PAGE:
Location:Home > HEALTH > Overview of world grape market

Overview of world grape market

Time:2017-12-24 19:47wine - Red wine life health Click:

grapefruit kiwifruit tangerine Produce kiwi

Overview of world grape market Due to losses in Peru and the drought in South Africa, there is a possibility of shortages on the grape market. Although good harvests are expected in, for example, Namibia and the northern parts of South Africa, these are insufficient to compensate for the losses. This is evident in the higher prices that are being reported by, for instance, German importers. Prices are also higher in Spain, but there this is mainly due to the New Year's tradition in that country. Grapes play an important role in this.

China expects larger harvest
In the 2017/2018 (May-June) season, production is expected to increase by 400 000 tonnes, amounting to 11,2 million tonnes. According to USDA figures, the total acreage amounts to 800 000 hectares, remaining stable for the third year in a row. This spells an end to the rapid expansion in that country. Over the past 16 years, acreage has grown by 500 000 hectares. Despite this increased production, exports dropped to 225 000 tonnes. Better management has resulted in improved quality of this fruit. This means prices are also better. This is why demand is declining in these price-sensitive markets in Asia. Imports are expected to keep climbing since the demand for grapes outside the Chinese season is also increasing. This will increase Southern Hemisphere imports. The country is expected to import 250 000 tonnes of grapes from countries like the US, South Africa, South Korea, India, Mexico, Chile and Peru. China has become an important export market for Amercian grapes. This year, the export protocol for Australia was set in motion. This country is good for 40% of Chinese exports. It is also an important market for Indian grapes.

Overview of world grape market

Californian growers make up for shortages in Peru

Although traders are confident about the transition from the domestic to the import season, there is some cause for concern. The smaller volume of early grape varieties and the late start of the Chilean season should have boded well for Californian grapes. But, according to USDA figure, there was still a large volume of seedless white grapes in storage at the end of November. There is also a higher volume of red grapes in storage. The growers in California want to stretch the season to after the holiday season. One trader says it would be unusual for them not to be able to achieve this in the future. The season progressed well there, and the higher volumes of Californian grapes were able to make up for the shortages in Peru.

South Africa: Southern regions plagued by drought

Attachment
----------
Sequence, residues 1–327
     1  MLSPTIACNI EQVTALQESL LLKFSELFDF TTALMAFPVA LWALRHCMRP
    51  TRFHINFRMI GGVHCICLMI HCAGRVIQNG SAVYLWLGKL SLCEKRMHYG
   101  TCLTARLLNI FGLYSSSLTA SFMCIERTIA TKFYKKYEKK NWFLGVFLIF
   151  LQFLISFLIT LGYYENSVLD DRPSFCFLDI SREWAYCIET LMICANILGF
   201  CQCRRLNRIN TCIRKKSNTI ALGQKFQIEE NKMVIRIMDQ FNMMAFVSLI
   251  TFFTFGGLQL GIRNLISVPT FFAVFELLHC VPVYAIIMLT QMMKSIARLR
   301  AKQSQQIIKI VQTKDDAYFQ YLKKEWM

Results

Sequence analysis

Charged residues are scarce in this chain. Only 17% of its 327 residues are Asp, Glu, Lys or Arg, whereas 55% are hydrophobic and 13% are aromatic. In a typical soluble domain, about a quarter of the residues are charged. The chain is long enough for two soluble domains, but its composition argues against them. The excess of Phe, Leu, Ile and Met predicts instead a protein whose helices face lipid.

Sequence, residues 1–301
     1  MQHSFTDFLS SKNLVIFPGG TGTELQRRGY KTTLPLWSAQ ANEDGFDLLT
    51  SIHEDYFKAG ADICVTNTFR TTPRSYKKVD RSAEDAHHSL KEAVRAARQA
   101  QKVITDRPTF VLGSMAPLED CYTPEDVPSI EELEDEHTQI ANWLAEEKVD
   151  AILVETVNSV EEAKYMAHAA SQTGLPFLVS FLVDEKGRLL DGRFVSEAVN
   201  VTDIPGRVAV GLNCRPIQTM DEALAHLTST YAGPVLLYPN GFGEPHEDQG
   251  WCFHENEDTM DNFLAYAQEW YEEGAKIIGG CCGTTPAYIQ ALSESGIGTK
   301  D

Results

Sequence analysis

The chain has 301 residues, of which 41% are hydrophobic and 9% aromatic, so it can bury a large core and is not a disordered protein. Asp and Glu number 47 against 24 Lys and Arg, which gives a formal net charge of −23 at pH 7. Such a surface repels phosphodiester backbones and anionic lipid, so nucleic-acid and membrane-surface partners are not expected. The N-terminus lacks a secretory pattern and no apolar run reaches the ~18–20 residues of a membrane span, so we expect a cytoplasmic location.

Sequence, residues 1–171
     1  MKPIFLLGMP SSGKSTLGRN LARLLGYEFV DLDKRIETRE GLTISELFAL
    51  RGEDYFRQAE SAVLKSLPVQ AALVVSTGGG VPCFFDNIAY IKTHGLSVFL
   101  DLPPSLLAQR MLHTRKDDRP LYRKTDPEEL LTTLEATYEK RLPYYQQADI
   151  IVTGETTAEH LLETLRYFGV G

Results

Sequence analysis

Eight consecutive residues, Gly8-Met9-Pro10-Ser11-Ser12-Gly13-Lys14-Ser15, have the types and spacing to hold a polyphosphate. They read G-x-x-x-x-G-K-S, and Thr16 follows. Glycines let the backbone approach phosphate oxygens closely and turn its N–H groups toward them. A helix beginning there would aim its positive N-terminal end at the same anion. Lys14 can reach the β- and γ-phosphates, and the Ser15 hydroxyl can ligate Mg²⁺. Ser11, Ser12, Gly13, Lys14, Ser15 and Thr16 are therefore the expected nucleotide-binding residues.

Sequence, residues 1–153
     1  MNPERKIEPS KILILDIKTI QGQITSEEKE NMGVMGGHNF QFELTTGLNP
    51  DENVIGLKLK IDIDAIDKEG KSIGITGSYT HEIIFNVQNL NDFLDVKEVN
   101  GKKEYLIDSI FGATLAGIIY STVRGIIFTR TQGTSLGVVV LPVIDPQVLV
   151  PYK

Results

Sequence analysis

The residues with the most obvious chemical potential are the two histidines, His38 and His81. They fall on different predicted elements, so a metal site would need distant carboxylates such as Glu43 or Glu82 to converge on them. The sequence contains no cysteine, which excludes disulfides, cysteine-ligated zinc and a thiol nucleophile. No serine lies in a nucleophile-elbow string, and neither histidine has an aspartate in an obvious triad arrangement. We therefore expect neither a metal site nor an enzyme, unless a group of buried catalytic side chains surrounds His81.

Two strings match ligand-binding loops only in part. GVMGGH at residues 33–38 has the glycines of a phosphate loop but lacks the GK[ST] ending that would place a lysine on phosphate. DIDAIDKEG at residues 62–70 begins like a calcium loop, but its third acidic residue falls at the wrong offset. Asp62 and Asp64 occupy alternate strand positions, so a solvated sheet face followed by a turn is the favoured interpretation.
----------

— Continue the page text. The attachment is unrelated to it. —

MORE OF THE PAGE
The drought was a factor for growers here. This month, the grape season in this country is in full swing. The expectation for regions in the north of this country remains positive. Good harvests are expected in the Orange River region and areas neighbouring Namibia. The picture in the south looks very different and, due to the drought, losses are being expected. Some growers are only irrigating their high-quality, high-value grapes, while others are thinning out their vineyards. The harvest in the Western Cape is expected to be 14% lower, at 287 000 tonnes. The problems caused by the drought will also still be a factor in the next season. A normal harvest of 344 000 tonnes is expected in the Orange River region.

Namibia positive over season

In Namibia, the grape season started very well. This is good news for growers who had to end their previous season early. Temperatures have now soared to 40 degrees, but earlier it was ideal grape weather, with temperatures around the 30 degree-mark during the day, with cool nights. This was good news for the colouring of the grapes. The harvest did, however, start slightly late, but expectations remain positive.

Although Namibian grapes are still mainly destined for Europe and the UK, ever-increasing volumes are exported to Malaysia and Vietnam. Exporters are hoping for a profitable season because of the shortages on the market.

Peru is expecting smaller volumes

Ths South American country has calculated a loss of 30% for the northern part of the country. In the south, the estimates are for 10% in the red. This information was collected by a trade association that advises a number of large players in the Peruvian grape industry. An especially large shortage, 38%,  of the Red Globe from the north is expected. The cold weather has delayed the start of the season by about two weeks in both the north and the south of the country.

Chile: 'Old' varieties threatened by changes in the US

Production in this country remains stable at 920 000 tonnes. Despite the huge amount of rain and enough cold hours, the yields are normal. Exports are running parallel to production. There have been changes in recent years because their most important export market, the US, is investing in new varieties that have a better shelf-life. This means less space for Chilean grapes. According to one trader, growers who are still cultivating 'old'varieties such as the Thomson (sultanina), Superior, Perlette, and especially the Flam, are running a "big risk" because the American market is moving to other varieties.

Argentina: Growers shunning fresh market

Copyright infringement? Click Here!